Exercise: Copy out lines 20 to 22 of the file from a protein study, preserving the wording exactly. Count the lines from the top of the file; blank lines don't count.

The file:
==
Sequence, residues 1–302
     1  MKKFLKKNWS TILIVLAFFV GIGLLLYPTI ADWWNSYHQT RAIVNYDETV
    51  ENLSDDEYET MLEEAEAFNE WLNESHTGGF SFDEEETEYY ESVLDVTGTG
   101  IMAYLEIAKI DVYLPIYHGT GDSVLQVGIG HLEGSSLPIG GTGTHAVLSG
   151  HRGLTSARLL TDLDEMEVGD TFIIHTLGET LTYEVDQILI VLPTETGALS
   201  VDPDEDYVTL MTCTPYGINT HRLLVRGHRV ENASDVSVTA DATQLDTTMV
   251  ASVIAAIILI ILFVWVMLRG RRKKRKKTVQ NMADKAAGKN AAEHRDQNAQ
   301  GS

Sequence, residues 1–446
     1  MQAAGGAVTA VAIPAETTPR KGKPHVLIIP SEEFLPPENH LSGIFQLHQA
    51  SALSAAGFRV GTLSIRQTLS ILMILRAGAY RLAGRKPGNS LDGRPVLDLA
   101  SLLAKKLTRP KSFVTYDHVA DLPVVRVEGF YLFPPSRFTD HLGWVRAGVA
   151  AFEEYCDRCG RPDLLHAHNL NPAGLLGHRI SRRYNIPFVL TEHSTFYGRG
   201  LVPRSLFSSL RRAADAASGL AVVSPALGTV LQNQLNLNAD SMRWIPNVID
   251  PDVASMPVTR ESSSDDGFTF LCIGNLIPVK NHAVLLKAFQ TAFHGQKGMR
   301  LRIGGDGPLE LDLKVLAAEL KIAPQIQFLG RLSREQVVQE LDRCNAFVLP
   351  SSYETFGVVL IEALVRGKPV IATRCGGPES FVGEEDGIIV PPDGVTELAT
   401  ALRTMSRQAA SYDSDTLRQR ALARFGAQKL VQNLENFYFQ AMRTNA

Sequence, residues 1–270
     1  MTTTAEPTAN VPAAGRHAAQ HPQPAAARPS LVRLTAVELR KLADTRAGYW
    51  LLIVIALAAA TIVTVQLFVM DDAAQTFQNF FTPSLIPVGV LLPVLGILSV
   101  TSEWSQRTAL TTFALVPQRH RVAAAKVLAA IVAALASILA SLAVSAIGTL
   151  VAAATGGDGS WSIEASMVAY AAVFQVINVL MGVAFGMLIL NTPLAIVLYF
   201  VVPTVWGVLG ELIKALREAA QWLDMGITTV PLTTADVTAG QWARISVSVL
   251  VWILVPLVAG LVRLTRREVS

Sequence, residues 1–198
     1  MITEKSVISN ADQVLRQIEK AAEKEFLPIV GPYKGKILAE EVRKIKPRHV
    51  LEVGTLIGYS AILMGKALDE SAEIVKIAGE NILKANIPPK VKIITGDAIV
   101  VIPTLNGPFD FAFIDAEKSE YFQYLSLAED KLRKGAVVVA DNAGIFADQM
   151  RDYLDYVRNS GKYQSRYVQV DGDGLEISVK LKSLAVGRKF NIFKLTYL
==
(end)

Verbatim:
     1  MTTTAEPTAN VPAAGRHAAQ HPQPAAARPS LVRLTAVELR KLADTRAGYW
    51  LLIVIALAAA TIVTVQLFVM DDAAQTFQNF FTPSLIPVGV LLPVLGILSV
   101  TSEWSQRTAL TTFALVPQRH RVAAAKVLAA IVAALASILA SLAVSAIGTL